Energy Demand Reserves and Kyoto

It can be argued that perhaps 2,000 Watt per person and year might be a good number to lead a decent life. The World Bank came up with the Human Development Index (HDI). The HDI is a summary measure of human development. It measures the average achievements of a country in three basic dimensions of human development:

• A long and healthy life, as measured by life expectancy at birth;

• Knowledge, as measured by the adult literacy rate and the combined primary, secondary and tertiary enrolment ratio; and

• A decent standard of living, as measured by GNP per capita.

Figure 1 shows a relation between energy and economic growth (i.e., GNP) — there is no development without energy. However, the amount of energy needed for a decent life must certainly not be in the neighbourhood

Fig. 1. The energy and poverty linkages
Fig. 2. Fundamental Energy System Dynamics

of 10,000 Watt per person and year — 2,000 Watt might after all not be too bad a figure when it comes to human development. This figure is close to the world average.

Figure 2 gives some indications about energy system dynamics. The higher the GDP of a country, the more energy goes into transport — as is the case for some 40% of the industrialized world; the automobile is the dominant energy user in transportation. Air transport shows the biggest increases in energy use, followed by road transport.

Figure 3 shows in a convincing way Switzerland's energy consumption patterns being dependent on the first oil shock in the early seventies. As a consequence, heating oil consumption went down, electricity use went up. Quite clearly, there is a substitution effect. There is a point to be made, namely: one should not consider oil alone but in combination with electricity. There is the possibility for substitution. Certainly, one question is how electricity is produced. In the case of Switzerland, 60% is hydraulic and 40% nuclear. If one wants to reduce CO2-emissions, one might seriously consider substituting heating oil with heat pumps driven by electricity. This makes sense if even the electricity is produced by a combined-cycle power plant fired with natural gas. The automobile, as mentioned earlier, is the biggest user of fossil fuel, and is an extremely complex system when it comes to powertrain, fuels, fuel infrastructure, emissions, costs, etc. What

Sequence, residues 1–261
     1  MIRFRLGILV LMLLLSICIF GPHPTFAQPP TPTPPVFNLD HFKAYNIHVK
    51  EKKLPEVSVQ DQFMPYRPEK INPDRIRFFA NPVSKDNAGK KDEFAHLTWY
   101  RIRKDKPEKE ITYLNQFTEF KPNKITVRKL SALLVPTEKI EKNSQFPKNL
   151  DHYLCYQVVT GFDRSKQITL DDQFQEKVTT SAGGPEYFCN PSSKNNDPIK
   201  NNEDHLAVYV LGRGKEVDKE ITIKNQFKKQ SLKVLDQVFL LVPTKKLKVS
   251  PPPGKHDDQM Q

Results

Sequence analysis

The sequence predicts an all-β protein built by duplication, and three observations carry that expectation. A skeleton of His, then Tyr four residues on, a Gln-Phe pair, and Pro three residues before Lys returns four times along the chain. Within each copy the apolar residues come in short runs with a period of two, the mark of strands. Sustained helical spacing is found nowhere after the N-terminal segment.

1910 1920

Transportation Fuel

Heating Oil

1970 1980 1990 2000

□ Transportation Fuel TJ

□ District heat TJ

□ Garbage and industrial refuse TJ

□ Add. renewable energy TJ

Quelle: BFE

1910 1920

Transportation Fuel

Heating Oil

1940 1950

1970 1980 1990 2000

□ Electricity TJ

□ Transportation Fuel TJ

□ District heat TJ

□ Garbage and industrial refuse TJ

□ Add. renewable energy TJ

Quelle: BFE

Fig. 3. Final energy consumption Switzerland, 1910-2001

Fig. 3. Final energy consumption Switzerland, 1910-2001

0 100 200 300 400 500 600 700 SOO 900 1000

Speed v km/ih Fig. 4. End-energy consumption, passenger transport does this all mean? As a first priority, one should reserve liquid fuels for transport and substitute heating oil.